Published: 12 Sep 2014
With so many businesses vying to recruit the brightest new talent, how do graduates choose the right company and position?
Companies offering graduate positions which include training programmes and mentoring schemes are an attractive proposition.
Entry positions offer graduates the opportunity to apply the skills they learned at university to operational projects in their chosen fields, while also being able to learn new techniques and develop their skills.
Towards the end of his Mechanical Engineering BEng (Hons) at Heriot-Watt University, Andy Thomson began searching for the perfect graduate position.
He was attracted to Aberdeen by what the energy capital of Europe had to offer.
Andy joined NOV Elmar in October 2011 as a graduate engineer, a position that appealed to him because it utilised the skills he had learned and enjoyed at university.
His role, which relies heavily on the latest software tools, requires him to develop solutions in the design stage to overcome engineering problems.
Andy said: “NOV Elmar has a strong support network and training programme in place for graduates embarking on a career in the oil and gas industry.
“I was fortunate to join the company at the same time as six other graduates. This allowed us to learn and develop our skills as a group whilst being mentored by experienced members of the team.
“NOV Elmar offers a tailored training programme which sees the graduates spend about a third of their time out of the design office, working in a rotation between a wide variety of other departments, from accounts and production planning to the machine shop and service. Spending two to four weeks in each department gives a great insight into how it fits into the overall running of the company.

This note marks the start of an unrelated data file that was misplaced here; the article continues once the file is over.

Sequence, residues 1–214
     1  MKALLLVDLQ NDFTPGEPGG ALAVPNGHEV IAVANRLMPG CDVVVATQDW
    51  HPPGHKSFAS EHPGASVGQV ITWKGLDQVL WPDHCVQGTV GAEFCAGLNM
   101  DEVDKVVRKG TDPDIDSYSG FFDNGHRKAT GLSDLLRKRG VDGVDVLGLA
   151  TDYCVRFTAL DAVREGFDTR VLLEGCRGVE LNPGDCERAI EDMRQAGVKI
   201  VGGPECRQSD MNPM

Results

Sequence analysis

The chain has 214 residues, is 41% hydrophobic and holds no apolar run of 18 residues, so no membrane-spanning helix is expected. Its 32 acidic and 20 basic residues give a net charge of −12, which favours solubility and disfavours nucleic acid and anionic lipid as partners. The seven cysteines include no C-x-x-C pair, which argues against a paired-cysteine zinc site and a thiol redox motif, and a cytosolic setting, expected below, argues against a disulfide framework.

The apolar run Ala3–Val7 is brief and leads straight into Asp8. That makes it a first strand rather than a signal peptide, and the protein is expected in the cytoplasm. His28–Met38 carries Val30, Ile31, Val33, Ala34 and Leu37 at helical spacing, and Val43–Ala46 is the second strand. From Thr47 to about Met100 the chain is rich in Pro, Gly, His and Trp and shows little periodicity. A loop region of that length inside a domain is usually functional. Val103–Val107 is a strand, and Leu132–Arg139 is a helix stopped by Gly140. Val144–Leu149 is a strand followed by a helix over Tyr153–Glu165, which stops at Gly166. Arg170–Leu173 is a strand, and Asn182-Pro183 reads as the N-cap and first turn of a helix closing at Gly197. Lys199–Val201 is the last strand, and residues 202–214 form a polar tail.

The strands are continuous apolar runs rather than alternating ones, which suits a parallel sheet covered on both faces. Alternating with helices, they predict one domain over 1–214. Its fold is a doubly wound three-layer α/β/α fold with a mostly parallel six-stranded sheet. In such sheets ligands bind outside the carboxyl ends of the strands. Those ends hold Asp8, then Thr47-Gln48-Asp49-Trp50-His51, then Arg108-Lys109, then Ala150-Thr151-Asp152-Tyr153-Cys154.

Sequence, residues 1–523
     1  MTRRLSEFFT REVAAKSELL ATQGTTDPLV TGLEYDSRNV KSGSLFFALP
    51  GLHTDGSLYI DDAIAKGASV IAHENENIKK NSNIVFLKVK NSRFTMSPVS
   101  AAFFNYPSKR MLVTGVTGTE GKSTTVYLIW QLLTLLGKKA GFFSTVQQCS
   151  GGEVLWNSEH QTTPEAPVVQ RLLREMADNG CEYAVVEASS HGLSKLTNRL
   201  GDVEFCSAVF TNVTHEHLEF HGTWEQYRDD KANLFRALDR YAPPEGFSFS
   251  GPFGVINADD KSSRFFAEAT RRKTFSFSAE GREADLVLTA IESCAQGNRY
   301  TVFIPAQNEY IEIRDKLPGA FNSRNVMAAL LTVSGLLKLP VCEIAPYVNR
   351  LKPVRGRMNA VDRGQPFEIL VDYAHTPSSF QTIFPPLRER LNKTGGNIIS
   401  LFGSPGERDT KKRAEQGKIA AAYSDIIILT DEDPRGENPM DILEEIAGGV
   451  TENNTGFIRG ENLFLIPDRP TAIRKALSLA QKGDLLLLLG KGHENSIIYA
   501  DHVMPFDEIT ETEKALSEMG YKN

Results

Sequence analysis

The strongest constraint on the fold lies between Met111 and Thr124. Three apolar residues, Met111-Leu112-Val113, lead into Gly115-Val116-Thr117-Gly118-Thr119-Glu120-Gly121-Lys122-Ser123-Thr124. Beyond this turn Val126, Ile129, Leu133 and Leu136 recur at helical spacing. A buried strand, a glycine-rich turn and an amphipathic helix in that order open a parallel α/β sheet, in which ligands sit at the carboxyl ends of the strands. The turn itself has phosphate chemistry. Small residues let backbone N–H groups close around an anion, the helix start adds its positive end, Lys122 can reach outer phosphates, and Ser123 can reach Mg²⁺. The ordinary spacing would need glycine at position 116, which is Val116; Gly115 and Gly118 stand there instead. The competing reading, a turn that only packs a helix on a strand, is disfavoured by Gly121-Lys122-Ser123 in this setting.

“This style of learning provided us with an overview of the wider industry and a full understanding of the company’s service and product offering, and meant I was exposed to different skills and techniques that I would not have had the opportunity to learn about had my learning been purely on the job.
“In addition to our in-house training courses, time spent in the workshops really helped me find my feet with a range of equipment previously unknown to me. This experience allowed me to see how design decisions have been made to take into account limitations of machining, assembly and servicing of equipment. Having a clear visual of what can go wrong is fundamental for when I’m at my desk designing new products and improving the old ones.
“My role at NOV Elmar is very hands-on. I enjoy being able to take the skills learned at university and put them into practice.
“In my first year, I received in-house training to use the engineering design software, and other skills essential for my role that had not been covered in my degree course, such as hydraulic systems and frame design.”
NOV Elmar also encourages its graduates to undertake external training. Distance-learning courses are funded by the company and completed in the graduate’s own time.
Along with three others, Andy recently completed a material and corrosion module from an MSC course at Robert Gordon University, paid for by NOV Elmar, further enhancing his knowledge of the industry and technical expertise and helping him towards his goal of gaining chartered engineer status.
“After two years in the graduate position, I was promoted to my current role of design engineer, along with the other graduates who started at the same time.
“Beginning my career in a graduate specific role was an excellent decision. It allowed for constant learning and gave me a real understanding of which department and field best suited my skills. It also proved to be a great way to get noticed by the company.
“I hope to progress to a more senior engineering role in the future as NOV Elmar continues to expand globally.
“It’s great to know that I will be able to relate to new graduates starting with the company and have the chance to guide them through the same training structure I experienced when I joined.”